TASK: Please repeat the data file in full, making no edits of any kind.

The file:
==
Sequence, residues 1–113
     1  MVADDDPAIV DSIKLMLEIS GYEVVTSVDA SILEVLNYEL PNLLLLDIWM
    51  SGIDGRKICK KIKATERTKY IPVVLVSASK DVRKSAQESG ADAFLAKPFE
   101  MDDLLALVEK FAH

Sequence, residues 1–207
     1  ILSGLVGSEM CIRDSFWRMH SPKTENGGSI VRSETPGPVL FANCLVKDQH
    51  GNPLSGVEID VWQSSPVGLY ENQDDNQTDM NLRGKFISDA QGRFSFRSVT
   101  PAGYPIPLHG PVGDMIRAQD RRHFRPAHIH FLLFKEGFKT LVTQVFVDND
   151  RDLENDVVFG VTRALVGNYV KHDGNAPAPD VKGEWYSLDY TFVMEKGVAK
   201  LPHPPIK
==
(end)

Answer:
Sequence, residues 1–113
     1  MVADDDPAIV DSIKLMLEIS GYEVVTSVDA SILEVLNYEL PNLLLLDIWM
    51  SGIDGRKICK KIKATERTKY IPVVLVSASK DVRKSAQESG ADAFLAKPFE
   101  MDDLLALVEK FAH

Sequence, residues 1–207
     1  ILSGLVGSEM CIRDSFWRMH SPKTENGGSI VRSETPGPVL FANCLVKDQH
    51  GNPLSGVEID VWQSSPVGLY ENQDDNQTDM NLRGKFISDA QGRFSFRSVT
   101  PAGYPIPLHG PVGDMIRAQD RRHFRPAHIH FLLFKEGFKT LVTQVFVDND
   151  RDLENDVVFG VTRALVGNYV KHDGNAPAPD VKGEWYSLDY TFVMEKGVAK
   201  LPHPPIK